Surface enhanced Raman scattering spectroelectrochemical studies of mineral processing
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School of Science, Griffith University
Publication date: 2002-01-01
Physicochem. Probl. Miner. Process. 2002;36(1):21–38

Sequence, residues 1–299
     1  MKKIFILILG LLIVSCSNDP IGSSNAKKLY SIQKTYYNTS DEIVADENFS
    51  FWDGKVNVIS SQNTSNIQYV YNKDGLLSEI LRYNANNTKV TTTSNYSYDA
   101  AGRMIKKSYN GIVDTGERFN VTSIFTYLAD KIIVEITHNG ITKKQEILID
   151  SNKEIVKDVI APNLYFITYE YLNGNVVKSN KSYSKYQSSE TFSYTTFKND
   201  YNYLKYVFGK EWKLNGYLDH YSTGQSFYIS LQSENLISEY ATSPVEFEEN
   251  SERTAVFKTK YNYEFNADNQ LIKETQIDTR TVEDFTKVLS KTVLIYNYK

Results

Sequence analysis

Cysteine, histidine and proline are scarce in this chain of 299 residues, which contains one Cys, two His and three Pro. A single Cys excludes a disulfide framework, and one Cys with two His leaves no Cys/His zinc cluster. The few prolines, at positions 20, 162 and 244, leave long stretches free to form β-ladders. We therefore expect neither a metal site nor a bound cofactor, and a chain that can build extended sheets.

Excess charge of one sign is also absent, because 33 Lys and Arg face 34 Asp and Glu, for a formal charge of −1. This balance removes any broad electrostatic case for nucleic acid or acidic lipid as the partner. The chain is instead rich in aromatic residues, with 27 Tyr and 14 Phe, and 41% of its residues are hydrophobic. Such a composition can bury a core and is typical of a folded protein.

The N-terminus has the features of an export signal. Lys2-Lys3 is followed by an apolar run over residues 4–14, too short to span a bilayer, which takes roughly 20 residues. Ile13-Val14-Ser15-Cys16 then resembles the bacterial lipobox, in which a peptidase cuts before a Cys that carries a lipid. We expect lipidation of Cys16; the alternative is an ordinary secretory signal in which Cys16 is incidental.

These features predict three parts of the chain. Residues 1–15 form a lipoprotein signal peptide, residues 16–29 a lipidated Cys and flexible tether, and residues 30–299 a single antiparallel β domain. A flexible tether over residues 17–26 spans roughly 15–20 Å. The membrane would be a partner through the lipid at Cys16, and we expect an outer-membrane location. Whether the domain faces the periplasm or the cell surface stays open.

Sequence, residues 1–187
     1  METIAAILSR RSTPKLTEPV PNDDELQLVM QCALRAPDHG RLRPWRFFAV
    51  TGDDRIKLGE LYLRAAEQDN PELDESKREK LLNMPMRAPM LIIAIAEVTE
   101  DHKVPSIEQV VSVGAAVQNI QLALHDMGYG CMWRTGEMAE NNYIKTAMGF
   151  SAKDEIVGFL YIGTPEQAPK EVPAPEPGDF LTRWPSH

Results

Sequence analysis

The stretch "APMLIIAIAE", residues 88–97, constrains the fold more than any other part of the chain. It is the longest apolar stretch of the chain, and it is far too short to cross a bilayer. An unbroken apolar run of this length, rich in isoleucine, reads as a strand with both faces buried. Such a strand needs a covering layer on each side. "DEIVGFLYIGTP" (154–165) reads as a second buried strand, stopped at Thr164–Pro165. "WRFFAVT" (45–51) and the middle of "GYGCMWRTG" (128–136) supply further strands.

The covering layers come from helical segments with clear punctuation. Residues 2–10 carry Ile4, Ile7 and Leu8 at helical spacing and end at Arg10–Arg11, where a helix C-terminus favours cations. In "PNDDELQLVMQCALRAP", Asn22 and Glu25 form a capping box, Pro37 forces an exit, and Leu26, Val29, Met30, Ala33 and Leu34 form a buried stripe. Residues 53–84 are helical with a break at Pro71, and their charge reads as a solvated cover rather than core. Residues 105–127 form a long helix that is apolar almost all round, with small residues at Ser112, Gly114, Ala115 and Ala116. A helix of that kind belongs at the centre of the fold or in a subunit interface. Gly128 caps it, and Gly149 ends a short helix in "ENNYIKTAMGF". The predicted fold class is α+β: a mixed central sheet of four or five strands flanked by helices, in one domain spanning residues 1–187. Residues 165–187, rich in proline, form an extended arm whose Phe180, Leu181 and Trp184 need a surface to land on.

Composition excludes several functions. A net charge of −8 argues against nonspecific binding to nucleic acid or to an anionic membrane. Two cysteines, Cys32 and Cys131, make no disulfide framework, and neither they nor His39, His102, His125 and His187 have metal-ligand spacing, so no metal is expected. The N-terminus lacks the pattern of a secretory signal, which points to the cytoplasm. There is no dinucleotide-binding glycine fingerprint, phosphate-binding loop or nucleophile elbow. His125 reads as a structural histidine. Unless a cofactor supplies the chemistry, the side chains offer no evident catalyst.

The application of in situ surface enhanced Raman scattering (SERS) spectroscopy to aspects of mineral processing is discussed. In the study of flotation systems, SERS has been used to characterise the species formed on coinage metal surfaces over a range of controlled potentials for ethyl, i-propyl, i-butyl and i-amyl xanthates, for O-isopropyl-N-ethylthionocarbamate (IPETC), for 2-mercaptobenzothiazole (MBT), and for diisobutyl dithiophosphinate (DIBDTPI). For each collector, adsorption occurs via charge transfer to form a metal-sulfur bond and, in situations in which the reversible potential for the formation of the bulk phase is known, at underpotentials. The dissolution of silver in basic solutions containing cyanide has been shown to be inhibited by MBT and by DIBDTPI as a result of the chemisorption of the collector species. In hydrometallurgy, SERS has been applied to the investigation of gold leaching. Changes in the surface species that occur during gold cyanidisation as the potential is varied have been identified from SERS spectra recorded in real time on voltammograms. In electrometallurgy, SERS investigations of copper electrodeposition from sulfuric acid solutions have shown that a transient surface sulfate species is involved in the plating process.